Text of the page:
Assessment of Deaf dually
Rebecca Walls and Ian Hamilton
Purpose – This article seeks to explore the assessment issues for Deaf people who have a co-occurring
mental health and substance use problem.
Design/methodology/approach – The paper draws on the expertise of a clinician who works with this
client group, also using the available literature on this topic.
Findings – Dual diagnosis for Deaf British Sign Language (BSL) users has not been well researched.
Deaf people may be unable to access some forms of assessment/treatment due to compromised
cognition, understanding of concepts, and material not being accessible in an appropriate format. This
paper discusses an approach which may be of particular use to assessing this minority group.
Originality/value – This paper considers an approach which may be of particular use to assessing this
minority group. Although current techniques can be adapted such as cognitive-behavioural integrated
treatment (C-BIT), there is a need for further research to evaluate and develop appropriate screening
and assessment instruments for this client group.
Keywords Deaf people, Assessment, Dual diagnosis, Communication
Paper type Conceptual paper
There are approximately 50,000-70,000 Deaf (British Sign Language (BSL) users) in the UK
(RNID, 2010). Deaf (with a capital D) refers to individuals who primarily use BSL and actively
participate in the Deaf community. This is in contrast to the term deaf (with a lower case d),
which refers to individuals who prefer to use speech and do not identify themselves as a
member of the Deaf community (e.g. those who have lost their hearing after acquiring
speech). BSL users often identify themselves as being a cultural and linguistic minority
rather than disabled (Ridgeway, 1997). Understanding Deaf people’s cultural identity and
the linguistics of BSL enables a more meaningful assessment to be undertaken, as will be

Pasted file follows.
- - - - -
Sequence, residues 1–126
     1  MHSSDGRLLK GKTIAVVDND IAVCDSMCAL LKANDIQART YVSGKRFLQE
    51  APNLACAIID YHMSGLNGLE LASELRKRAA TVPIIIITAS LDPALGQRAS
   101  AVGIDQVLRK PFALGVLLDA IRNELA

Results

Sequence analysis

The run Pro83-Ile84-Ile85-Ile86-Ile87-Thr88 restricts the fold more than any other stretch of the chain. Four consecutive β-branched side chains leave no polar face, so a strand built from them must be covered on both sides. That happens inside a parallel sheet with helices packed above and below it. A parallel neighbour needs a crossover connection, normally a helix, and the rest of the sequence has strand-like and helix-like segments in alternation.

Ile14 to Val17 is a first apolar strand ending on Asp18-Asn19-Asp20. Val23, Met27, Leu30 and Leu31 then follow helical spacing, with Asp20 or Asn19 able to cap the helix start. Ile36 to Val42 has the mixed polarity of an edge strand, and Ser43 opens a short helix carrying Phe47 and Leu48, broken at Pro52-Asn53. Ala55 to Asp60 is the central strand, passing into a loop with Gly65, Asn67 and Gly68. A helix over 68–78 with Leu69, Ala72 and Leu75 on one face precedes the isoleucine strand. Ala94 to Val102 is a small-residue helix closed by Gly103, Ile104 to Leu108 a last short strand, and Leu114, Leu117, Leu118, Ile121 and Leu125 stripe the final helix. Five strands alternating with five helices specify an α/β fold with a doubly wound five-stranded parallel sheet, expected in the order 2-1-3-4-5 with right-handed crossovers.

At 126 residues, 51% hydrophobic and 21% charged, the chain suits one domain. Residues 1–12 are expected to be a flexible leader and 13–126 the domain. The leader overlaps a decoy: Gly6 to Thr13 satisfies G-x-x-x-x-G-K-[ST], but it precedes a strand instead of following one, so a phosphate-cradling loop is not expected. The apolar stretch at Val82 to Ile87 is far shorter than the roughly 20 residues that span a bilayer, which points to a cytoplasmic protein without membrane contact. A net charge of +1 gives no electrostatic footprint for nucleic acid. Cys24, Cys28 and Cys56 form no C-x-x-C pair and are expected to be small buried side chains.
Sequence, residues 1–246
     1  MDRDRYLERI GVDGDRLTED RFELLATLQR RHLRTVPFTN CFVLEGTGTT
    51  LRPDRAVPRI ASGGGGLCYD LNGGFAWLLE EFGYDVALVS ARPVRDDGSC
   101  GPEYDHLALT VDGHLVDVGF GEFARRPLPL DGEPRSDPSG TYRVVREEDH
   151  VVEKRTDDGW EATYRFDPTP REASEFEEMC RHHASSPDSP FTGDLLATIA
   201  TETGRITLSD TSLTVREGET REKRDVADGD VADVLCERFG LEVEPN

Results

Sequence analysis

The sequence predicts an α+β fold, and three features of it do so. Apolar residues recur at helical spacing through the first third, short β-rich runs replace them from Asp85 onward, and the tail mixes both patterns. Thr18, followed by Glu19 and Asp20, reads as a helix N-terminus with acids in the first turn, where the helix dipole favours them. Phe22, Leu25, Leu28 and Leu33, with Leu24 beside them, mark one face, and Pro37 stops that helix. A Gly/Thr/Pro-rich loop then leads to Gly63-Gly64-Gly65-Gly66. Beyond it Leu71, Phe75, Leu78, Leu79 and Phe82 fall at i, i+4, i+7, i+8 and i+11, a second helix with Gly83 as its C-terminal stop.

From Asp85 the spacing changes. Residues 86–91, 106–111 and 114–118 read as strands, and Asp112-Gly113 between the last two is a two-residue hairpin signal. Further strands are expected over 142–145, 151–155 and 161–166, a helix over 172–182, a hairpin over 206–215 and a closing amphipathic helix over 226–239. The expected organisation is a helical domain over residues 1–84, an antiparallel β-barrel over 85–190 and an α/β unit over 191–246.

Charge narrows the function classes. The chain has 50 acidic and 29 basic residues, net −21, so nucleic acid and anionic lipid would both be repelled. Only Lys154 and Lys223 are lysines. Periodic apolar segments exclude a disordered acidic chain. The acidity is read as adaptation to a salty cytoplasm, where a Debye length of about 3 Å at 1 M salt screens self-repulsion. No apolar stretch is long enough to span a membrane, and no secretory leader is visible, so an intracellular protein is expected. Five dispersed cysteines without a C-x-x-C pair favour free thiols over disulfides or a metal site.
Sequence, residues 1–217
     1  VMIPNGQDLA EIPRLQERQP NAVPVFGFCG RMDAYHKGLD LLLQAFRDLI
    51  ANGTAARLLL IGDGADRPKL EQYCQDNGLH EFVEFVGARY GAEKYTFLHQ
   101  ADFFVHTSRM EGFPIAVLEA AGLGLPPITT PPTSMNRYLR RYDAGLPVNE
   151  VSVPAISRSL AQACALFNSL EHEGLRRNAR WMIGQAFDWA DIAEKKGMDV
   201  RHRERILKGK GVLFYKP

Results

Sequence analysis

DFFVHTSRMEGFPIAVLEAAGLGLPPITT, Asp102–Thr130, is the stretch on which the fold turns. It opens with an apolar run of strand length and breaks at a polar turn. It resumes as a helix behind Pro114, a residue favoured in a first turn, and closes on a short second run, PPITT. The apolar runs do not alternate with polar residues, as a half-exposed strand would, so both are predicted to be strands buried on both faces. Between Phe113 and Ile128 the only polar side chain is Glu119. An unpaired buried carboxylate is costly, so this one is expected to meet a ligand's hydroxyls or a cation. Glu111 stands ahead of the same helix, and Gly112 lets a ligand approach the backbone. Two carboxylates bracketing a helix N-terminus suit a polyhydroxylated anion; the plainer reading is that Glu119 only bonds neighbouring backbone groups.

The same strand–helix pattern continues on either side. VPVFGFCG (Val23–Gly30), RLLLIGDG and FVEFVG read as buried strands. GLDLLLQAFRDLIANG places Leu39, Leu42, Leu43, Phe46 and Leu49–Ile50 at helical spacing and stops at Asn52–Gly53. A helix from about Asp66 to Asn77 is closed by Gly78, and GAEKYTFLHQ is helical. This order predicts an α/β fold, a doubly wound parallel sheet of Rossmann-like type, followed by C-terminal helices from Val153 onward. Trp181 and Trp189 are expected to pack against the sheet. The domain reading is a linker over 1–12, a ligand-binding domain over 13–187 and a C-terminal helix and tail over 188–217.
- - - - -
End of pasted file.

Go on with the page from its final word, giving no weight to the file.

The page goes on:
described when discussing the use of tools with the Deaf community.
Approximately 25 percent of the general population will experience some type of mental
health problem at some point in their life (Mind, 2011). However, this increases to 40 percent
for Deaf people (Department of Health, 2005). It is possible that substance misuse may also
be greater within the Deaf mentally ill population compared to the hearing mentally ill
population. Although this is an area that is not well understood or researched
(Landsberger and Diaz, 2010).
The communication barriers resulting from Deafness make it easier for individuals who use
substances to deny, ignore or defend their lack of awareness of drug or alcohol-related
problems. As Deaf people are more at risk of experiencing mental illness and substance
abuse simultaneously than hearing individuals (Leigh and Pollard, 2004; Glickman, 2009) it
is important that assessment of dual diagnosis is undertaken and accurate. Research
regarding the needs of Deaf people is scarce and no studies could be found that gave
statistics in relation to this.
ADVANCES IN DUAL DIAGNOSIS
VOL. 5 NO. 1 2012, pp. 32-37, Q Emerald Group Publishing Limited, ISSN 1757-0972 DOI 10.1108/17570971211225154
Rebecca Walls is a
Nurse for Deaf People
South Yorkshire, UK.
Ian Hamilton is a Lecturer at
the University of York,